The exchange is usually initiated by the buyer to show that he is now ready to commit to the contract. Once the contract is exchanged it becomes binding on both parties, and neither would be able to rescind without proper notice or reason.
The formulae can be divided into three parts:
a) Formula A: This formula is used when the conveyancing solicitor (usually the seller’s) is in custody of both, the seller’s and the buyer’s contract documents.
b) Formula B: This is used when at the time of exchange, the conveyancing solicitors are in custody of the contract documents of their respective clients.
c) Formula C: This is used in the case of chain transactions.
Let us discuss each of these formulae in detail:
Although this is the safest of all the three formulae, it is the least used. Under this formula, the buyer sends the signed copy of the contract document along with deposit cheque and instructions to the seller’s conveyancing solicitor to hold these. Once these documents reach the seller, the buyer telephones the seller to confirm the completion date. The seller’s solicitor then confirms that he holds the seller’s part of the signed contract signed by the seller and that this is in the agreed form. After these are confirmed, it will be agreed that the exchange can take place at that moment. The seller’s conveyancing lawyer will also have to agree to send the seller’s part of the signed contract to the buyer immediately.
As earlier said, this formula is preferred due to the fact that both parties can be assured about the safety of money and contract. The seller’s conveyancing solicitor can be assured that he has seen the buyer’s contract documents and they are in the agreed format. He can be also assured about the deposit money. The seller can be assured that the deposit money is now in his hands (although it cannot be cashed until the contract is exchanged).
This is a commonly used formula especially in the case of chain transactions. Here both the buyer and the seller hold their part of the contract documents. Over the telephone conversation, both parties agree that the documents are signed and are in the agreed form. Once the exchange takes place, both parties agree to send their respective documents to each other. The buyer also agrees to send the deposit money along with the signed contract document.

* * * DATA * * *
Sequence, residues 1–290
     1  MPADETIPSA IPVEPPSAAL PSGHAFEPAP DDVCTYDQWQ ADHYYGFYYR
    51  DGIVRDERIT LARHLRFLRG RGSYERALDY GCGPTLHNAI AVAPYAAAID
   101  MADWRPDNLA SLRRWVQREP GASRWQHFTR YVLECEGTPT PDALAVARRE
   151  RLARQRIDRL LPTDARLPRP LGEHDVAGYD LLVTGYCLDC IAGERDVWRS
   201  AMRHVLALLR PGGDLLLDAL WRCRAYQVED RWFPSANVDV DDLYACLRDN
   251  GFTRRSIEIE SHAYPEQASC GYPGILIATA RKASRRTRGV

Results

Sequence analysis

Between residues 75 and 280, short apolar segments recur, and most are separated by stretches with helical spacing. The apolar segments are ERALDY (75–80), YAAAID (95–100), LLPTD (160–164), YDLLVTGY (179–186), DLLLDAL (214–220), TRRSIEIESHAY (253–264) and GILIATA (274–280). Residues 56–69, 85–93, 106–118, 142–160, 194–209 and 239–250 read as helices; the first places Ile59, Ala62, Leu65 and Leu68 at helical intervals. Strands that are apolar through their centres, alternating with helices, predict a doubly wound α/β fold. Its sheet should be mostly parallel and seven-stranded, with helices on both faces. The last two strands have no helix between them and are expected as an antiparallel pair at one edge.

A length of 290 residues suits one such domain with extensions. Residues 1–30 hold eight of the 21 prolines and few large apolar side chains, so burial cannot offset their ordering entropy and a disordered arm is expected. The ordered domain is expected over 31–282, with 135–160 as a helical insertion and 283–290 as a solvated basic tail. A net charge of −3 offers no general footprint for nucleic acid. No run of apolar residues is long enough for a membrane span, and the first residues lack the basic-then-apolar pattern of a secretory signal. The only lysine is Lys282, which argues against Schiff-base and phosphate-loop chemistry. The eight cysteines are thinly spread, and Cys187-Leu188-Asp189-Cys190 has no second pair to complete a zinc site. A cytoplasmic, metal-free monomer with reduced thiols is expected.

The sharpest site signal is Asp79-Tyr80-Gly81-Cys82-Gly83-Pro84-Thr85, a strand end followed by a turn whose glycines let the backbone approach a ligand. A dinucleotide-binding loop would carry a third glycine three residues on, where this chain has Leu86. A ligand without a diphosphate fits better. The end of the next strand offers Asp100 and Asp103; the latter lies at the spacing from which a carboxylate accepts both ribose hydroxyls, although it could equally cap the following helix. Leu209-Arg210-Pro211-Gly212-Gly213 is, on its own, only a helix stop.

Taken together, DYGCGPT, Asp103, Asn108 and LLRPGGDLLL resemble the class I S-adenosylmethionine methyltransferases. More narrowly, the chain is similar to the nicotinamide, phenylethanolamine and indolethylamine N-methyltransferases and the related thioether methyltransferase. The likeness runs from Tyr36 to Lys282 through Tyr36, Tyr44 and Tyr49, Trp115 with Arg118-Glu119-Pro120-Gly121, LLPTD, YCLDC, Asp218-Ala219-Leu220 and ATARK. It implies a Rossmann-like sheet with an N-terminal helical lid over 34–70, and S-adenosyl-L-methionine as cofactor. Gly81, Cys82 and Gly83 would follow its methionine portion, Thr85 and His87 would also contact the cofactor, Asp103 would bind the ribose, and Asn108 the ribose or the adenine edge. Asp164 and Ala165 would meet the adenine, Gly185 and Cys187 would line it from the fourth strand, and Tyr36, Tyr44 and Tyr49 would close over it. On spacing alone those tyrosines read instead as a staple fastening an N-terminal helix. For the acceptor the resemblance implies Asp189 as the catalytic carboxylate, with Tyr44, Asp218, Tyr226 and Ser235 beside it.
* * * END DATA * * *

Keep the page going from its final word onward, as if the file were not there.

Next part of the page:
Consider the following transaction:
A seller A agrees to sell to B who in turn is selling his property to C. In this context we represent B who has agreed to contract with A as a buyer and with C as a seller. Before exchanging with C the buyer will have to confirm from A that he is ready to exchange. Once this is decided, B will then have to set an exchange date with C (if possible on the same day). B will then exchange with A on the stipulated date and agrees on the completion date. After this B will immediately call C and effect an exchange. There also exists a risk that since the time of exchanging the contract with A, C may have changed his mind. But this risk has to be taken and could be minimised by agreeing to exchange the contract on the same day.
Another problem that is commonly faced here is regarding the deposit money. B would naturally use the deposit money sought from C and spend it to pay deposit money to A. Upon exchange of contract with C, B cannot undertake to send the deposit money to A on that day itself. Under such circumstances, it is common for B to obtain A’s approval (prior to the exchange) that the deposit money would be sent directly by C. Sometimes B may undertake that the contract has been exchanged with C and the money will now be send as soon as possible.
This is designed for chain transactions, but is seldom used in practice because of its complexity. The formula includes provisions where the seller can use the buyer’s deposit money to fund his own deposit requirements. The formula can be divided into three parts- Part I where both parties agree that they hold their part of the signed documents. While the exchange does not take place at the time of this agreement, they undertake that exchange will take place when the other party contacts them before a specified time later that day. Thus, both the buyer and the seller enter into the contract, secure with the knowledge that the transaction will become binding when either of them contacts before the specified time. Part II of the Formula takes place when one party to the contract contacts within the specified time. Here, although the exchange takes place, there also exists a provision for both parties to make use of the deposit money under a dependent sale. Thus, the buyer would arrange for the deposit money to be sent on that day or arrange for it to be sent. The money is to be sent to the seller’s conveyancing solicitor or such other person nominated by the seller. The use of Formula C can be done only after obtaining permission from the client.
Photo courtesy: Dennis Jarvis